Aug 6, 2009, 11:19 AM
Adama Barrow on Wednesday inaugurated Bansang hydrology complex at a ceremony
held in Central River Region. The hydrology division of the Department of Water
Resources will use the new complex to monitor water quality and quantity of the
Addressing the gathering, President Barrow expressed appreciation to the Global Environment Facility (GEF) and the United Nations Development Program (UNDP) not only for their current assistance, but also for the support that they have provided to the country over many years.
‘It is a partnership which has benefited many of our population, especially in the areas of climate change adaptation’.
The facility, he said, was constructed under the UNDP component of the GEF/UNDP/UNEP and the Government of The Gambia Strengthening Climate Services and Early Warning Systems Phase II Project.
‘This project is in conformity with the major climate change strategic documents of The Gambia. The national communication reports provide information on projected impacts of climate change on key sectors of the national economy and on the potential adaptation options to climate change’.
The Gambian leader indicated that the project is also highly consistent with The Gambia’s national priorities and plans, as it reflects priority activities identified in both the first national communication and the NAPA.
He observed that the main challenge facing the country, in the context of climate change, is its high vulnerability to climate change and climate variability worsened by low capacity to address and adapt to the phenomenon. This low capacity is evident at all levels – local, regional and national.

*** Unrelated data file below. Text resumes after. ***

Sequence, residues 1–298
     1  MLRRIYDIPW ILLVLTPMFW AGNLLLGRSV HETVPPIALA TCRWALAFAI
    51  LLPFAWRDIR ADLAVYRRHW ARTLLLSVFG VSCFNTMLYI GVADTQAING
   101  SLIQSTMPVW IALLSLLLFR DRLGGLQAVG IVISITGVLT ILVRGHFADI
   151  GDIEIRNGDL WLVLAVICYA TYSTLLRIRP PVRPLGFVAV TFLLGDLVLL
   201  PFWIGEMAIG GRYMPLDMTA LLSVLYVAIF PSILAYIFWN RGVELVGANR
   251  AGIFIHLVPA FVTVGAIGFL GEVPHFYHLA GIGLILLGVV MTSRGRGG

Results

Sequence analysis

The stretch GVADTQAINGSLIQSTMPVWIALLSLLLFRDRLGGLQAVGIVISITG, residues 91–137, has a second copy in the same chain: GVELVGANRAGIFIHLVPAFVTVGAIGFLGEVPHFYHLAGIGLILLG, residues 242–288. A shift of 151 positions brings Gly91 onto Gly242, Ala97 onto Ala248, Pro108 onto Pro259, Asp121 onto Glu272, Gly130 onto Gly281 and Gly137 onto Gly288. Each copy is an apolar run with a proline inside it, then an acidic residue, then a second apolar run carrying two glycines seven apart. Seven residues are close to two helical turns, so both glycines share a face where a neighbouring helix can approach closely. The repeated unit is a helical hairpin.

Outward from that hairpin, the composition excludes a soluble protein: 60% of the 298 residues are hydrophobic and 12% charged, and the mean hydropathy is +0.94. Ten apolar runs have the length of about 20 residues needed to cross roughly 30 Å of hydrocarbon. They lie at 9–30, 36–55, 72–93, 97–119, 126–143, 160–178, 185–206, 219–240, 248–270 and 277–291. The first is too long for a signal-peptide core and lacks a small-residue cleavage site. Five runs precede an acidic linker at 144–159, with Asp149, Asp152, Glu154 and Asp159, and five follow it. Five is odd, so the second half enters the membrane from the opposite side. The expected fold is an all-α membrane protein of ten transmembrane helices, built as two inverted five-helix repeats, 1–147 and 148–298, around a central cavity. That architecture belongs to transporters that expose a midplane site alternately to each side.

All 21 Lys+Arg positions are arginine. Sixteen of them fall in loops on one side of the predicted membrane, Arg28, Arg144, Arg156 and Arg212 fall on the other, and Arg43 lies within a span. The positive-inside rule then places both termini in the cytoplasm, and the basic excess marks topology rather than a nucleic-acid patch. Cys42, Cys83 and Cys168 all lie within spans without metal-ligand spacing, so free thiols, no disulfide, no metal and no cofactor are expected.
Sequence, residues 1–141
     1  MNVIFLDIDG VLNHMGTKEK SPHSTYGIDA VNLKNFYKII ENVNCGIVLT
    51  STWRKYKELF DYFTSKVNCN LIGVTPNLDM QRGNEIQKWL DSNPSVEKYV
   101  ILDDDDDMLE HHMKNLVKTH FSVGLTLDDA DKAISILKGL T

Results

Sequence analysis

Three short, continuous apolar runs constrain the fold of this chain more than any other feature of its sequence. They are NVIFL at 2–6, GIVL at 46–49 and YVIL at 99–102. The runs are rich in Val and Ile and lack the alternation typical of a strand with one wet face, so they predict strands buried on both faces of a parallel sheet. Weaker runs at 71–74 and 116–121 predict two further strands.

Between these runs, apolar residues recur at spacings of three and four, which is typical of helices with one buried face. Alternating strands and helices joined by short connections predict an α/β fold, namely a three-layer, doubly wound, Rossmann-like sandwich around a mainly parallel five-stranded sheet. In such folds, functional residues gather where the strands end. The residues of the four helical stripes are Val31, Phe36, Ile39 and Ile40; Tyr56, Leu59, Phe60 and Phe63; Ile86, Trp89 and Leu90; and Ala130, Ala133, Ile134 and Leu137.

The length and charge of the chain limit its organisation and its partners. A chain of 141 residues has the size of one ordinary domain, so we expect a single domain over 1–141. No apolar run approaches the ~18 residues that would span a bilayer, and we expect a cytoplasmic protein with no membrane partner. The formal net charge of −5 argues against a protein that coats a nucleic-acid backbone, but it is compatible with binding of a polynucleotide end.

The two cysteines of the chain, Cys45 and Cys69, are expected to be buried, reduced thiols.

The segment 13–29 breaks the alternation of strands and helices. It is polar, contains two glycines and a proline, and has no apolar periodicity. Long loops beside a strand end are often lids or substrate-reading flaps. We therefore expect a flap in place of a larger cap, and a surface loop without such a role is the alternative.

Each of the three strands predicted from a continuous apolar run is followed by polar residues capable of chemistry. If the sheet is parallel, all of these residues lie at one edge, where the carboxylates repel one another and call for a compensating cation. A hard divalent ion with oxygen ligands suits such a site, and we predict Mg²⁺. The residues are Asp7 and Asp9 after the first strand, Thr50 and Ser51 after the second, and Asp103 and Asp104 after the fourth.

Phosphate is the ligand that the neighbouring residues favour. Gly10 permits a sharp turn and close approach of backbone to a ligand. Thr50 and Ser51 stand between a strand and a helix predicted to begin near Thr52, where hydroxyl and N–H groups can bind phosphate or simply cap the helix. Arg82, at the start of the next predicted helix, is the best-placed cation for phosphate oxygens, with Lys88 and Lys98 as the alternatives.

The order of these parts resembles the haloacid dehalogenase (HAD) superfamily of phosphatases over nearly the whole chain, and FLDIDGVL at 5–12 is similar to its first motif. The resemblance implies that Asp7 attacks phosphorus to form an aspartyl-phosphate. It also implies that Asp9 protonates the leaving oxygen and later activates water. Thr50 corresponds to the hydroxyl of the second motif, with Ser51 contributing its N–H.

‘Among the major barriers are the inability to effectively predict climate change events, assess potential impacts and deliver short-term alerts, or longer-term warnings that can contribute to adaptive responses and development planning’.
Barrow highlighted that the capacity for climate monitoring and collection of reliable data and information on climate change and the development of alerts and early warnings was low because of a number of infrastructural constraints and human capacity limitations including: inadequate numbers and quality of equipment, tools and data processing hardware and software to collect and analyse climate information; shortage of qualified personnel that can analyse data and transform processed information into weather advisories and early warnings and limited capacity at the local level for uptake of climate-related messaging and ability to respond to advisories and warnings.
‘Many of these constraints have been addressed under this project and through other government interventions, thereby strengthening the early warning system in The Gambia.
The Gambia is increasingly prone to wind storms, droughts, floods, rainfall variability, coastal erosion, and sea-level rise. When coupled with existing socioeconomic challenges, these impacts stunt development and increase the country’s vulnerability. As it is, The Gambia is a low-income country, with a high dependence on agriculture, which makes large segments of the population extremely vulnerable to erratic rainfall and other climate-induced events’.
Farmers, he went on, have been experiencing shorter crop growing seasons due to drought and shallow wells that provided supplementary irrigation to their rain-fed systems, drying out too early in the season.